Related chapters from BN: Chapter 16: Psychopathology: Biological Basis of Behavior Disorders; Chapter 15: Emotions, Aggression, and Stress
Related chapters from MM:Chapter 12: Psychopathology: The Biology of Behavioral Disorders; Chapter 11: Emotions, Aggression, and Stress
Link ID: 27599 - Posted: 11.30.2020

By Linda Searing The “baby blues” that women can experience after giving birth usually go away within a week or two, but it now appears that more severe depressive symptoms, known as postpartum depression, may affect some new mothers for at least three years. Research from the National Institutes of Health, which tracked 4,866 women for three years after childbirth, found that about 25 percent of the women reported moderate to high levels of depressive symptoms at some point and that the remaining 75 percent experienced low-level depressive symptoms throughout the study. The “baby blues” typically include such symptoms as mood swings, anxiety and trouble sleeping, whereas postpartum depression symptoms — generally more intense and longer lasting — may include excessive crying, overwhelming fatigue, loss of appetite, difficulty bonding with the baby, feelings of inadequacy, hopelessness and more. The NIH research, published in the journal Pediatrics, encourages pediatricians to screen their tiny patients’ mothers for depressive symptoms during the children’s regular checkups, noting that “mothers’ mental health is critical to children’s well-being and development.” The researchers note that maternal depression increases a child’s risk for cognitive, emotional and behavioral problems. Getting treatment, however, should not only ease a mother’s symptoms but also improve her child’s odds for a favorable developmental outcome.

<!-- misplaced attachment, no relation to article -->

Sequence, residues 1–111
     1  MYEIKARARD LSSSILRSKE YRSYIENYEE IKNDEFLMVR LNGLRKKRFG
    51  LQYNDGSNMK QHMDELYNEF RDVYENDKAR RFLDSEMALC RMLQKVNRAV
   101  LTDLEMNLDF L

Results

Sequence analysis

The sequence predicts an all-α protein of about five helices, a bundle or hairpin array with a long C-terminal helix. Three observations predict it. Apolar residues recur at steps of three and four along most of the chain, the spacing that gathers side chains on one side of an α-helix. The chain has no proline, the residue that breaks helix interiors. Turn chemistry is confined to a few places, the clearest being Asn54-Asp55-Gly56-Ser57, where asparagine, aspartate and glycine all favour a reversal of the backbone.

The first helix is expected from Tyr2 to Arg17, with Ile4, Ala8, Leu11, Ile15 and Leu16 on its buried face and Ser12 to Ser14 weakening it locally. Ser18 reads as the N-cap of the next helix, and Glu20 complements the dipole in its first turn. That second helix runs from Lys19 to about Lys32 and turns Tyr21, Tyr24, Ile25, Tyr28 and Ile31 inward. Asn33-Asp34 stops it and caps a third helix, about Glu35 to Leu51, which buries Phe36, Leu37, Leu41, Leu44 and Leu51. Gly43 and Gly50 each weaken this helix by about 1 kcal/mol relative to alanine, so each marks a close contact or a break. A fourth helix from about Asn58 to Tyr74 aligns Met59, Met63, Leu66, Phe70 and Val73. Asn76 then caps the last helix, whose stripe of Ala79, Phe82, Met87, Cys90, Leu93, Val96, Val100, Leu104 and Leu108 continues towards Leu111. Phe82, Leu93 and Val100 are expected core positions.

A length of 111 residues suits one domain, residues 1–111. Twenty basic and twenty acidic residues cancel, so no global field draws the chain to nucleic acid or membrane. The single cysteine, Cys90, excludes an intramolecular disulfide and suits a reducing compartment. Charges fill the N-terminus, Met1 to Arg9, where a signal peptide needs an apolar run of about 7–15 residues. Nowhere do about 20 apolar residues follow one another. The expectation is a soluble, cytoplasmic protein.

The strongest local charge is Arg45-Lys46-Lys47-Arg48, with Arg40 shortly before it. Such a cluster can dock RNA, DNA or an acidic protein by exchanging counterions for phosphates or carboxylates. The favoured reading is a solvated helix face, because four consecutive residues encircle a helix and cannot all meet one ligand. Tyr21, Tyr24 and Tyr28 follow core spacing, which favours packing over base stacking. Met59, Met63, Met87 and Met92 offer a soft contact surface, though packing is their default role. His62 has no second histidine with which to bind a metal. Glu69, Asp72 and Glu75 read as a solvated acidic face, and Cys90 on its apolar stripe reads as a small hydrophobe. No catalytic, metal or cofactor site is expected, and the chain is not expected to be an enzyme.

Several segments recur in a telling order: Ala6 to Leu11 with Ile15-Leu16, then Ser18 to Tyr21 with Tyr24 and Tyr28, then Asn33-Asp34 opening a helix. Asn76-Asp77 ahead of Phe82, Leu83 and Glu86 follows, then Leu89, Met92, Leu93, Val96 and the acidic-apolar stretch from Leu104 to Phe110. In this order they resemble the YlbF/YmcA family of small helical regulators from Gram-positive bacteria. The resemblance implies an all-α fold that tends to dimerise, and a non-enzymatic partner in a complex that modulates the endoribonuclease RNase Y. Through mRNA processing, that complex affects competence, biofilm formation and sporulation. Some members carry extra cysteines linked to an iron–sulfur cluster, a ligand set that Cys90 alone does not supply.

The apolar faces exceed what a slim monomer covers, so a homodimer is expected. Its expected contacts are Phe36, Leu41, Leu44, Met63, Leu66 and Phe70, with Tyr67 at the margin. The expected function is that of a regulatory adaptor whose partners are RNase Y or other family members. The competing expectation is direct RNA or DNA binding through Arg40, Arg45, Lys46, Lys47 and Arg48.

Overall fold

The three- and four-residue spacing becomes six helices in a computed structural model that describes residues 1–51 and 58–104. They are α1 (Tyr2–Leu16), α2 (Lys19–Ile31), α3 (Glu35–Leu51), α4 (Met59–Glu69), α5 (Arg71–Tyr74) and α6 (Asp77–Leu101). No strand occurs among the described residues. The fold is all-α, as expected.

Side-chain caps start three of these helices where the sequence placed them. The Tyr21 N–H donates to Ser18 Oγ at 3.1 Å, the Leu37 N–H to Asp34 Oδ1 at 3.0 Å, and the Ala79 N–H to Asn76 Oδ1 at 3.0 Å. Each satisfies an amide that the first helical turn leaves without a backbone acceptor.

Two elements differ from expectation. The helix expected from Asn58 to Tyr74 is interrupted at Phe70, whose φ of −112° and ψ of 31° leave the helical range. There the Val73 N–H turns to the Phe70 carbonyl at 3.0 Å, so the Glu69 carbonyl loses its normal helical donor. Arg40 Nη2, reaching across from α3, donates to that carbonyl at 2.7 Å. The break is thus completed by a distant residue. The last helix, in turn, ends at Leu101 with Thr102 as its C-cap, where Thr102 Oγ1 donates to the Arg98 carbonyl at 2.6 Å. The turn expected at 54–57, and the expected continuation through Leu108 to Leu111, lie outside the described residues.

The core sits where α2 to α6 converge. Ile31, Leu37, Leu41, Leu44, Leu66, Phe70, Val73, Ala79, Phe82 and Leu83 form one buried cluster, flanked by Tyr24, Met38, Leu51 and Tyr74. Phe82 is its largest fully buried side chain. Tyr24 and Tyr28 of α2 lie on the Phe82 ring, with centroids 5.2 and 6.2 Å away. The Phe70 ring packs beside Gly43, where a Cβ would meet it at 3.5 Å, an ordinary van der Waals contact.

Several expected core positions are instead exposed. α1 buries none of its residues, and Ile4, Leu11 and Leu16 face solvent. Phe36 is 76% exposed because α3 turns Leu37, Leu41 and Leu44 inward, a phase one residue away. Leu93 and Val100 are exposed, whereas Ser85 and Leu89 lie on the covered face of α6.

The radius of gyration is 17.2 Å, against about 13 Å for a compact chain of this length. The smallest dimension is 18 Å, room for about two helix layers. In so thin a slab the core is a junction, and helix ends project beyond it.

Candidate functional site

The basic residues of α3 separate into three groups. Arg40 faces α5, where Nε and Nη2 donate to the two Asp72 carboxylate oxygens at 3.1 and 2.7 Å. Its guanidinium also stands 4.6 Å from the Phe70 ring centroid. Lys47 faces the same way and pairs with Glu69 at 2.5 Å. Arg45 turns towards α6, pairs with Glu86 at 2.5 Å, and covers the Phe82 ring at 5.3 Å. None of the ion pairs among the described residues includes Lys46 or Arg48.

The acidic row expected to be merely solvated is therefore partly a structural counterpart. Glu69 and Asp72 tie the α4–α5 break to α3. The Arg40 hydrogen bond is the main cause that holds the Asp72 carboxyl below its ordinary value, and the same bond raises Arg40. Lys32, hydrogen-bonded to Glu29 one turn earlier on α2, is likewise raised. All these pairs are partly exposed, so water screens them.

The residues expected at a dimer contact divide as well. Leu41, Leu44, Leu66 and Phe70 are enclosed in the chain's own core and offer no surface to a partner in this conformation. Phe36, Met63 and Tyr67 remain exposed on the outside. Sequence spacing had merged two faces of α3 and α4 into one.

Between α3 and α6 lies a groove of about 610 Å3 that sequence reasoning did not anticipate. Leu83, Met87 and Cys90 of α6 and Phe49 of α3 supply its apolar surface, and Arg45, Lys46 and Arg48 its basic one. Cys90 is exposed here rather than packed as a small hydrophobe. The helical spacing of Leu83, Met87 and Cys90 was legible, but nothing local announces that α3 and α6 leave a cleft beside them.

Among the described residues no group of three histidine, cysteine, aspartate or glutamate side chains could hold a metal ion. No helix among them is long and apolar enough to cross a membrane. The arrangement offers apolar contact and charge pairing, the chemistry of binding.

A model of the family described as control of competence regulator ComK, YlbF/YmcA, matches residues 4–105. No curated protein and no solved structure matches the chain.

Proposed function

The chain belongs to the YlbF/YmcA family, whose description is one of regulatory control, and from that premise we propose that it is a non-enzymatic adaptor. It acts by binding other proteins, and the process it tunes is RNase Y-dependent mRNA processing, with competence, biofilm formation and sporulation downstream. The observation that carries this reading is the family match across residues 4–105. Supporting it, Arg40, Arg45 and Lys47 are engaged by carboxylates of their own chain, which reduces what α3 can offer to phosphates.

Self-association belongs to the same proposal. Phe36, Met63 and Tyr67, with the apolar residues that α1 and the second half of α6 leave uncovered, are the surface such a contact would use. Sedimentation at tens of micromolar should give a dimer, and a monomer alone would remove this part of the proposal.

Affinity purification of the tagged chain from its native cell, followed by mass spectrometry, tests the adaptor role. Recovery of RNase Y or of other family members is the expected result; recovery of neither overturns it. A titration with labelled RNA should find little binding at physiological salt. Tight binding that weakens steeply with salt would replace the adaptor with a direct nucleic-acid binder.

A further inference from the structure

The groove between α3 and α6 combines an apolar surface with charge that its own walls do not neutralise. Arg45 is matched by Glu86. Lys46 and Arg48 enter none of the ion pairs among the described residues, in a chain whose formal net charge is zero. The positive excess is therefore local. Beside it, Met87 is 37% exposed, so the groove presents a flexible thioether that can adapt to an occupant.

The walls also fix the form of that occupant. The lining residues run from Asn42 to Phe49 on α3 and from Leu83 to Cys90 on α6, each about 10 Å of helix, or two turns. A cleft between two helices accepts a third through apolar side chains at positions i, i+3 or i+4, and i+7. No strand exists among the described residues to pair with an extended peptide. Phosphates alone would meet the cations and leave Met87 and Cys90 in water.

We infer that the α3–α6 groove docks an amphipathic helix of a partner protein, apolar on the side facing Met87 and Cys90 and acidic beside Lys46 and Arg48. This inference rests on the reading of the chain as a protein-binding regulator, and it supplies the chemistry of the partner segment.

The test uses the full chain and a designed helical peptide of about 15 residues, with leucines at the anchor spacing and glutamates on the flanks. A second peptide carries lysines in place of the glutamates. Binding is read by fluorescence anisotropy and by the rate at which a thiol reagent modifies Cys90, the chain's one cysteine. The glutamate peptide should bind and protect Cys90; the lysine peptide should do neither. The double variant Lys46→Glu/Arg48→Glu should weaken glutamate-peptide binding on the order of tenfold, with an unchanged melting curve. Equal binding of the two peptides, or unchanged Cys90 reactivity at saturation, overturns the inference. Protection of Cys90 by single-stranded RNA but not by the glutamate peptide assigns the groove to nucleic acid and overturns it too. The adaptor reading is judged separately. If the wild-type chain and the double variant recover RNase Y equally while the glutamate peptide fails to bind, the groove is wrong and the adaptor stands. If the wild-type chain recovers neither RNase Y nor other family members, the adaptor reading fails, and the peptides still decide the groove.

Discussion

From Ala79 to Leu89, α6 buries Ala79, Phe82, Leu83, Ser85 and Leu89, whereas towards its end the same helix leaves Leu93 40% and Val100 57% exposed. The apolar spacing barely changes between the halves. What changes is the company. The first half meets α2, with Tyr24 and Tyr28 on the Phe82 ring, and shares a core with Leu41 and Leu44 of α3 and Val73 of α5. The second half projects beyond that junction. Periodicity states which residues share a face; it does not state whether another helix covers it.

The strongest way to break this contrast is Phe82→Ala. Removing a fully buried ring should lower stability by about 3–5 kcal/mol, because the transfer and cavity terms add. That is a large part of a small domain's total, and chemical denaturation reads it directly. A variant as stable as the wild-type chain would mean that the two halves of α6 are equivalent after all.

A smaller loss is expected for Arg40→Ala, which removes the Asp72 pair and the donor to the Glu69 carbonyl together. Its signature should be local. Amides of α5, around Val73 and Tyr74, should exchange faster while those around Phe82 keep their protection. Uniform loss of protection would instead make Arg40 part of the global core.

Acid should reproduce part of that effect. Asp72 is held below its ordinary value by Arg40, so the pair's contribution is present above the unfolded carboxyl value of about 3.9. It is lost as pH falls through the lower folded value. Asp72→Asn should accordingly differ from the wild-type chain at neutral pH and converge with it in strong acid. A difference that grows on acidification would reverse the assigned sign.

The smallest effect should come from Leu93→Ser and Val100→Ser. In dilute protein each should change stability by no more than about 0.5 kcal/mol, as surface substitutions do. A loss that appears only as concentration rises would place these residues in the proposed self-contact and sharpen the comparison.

Related chapters from BN: Chapter 16: Psychopathology: Biological Basis of Behavior Disorders; Chapter 7: Life-Span Development of the Brain and Behavior
Related chapters from MM:Chapter 12: Psychopathology: The Biology of Behavioral Disorders; Chapter 4: Development of the Brain
Link ID: 27573 - Posted: 11.10.2020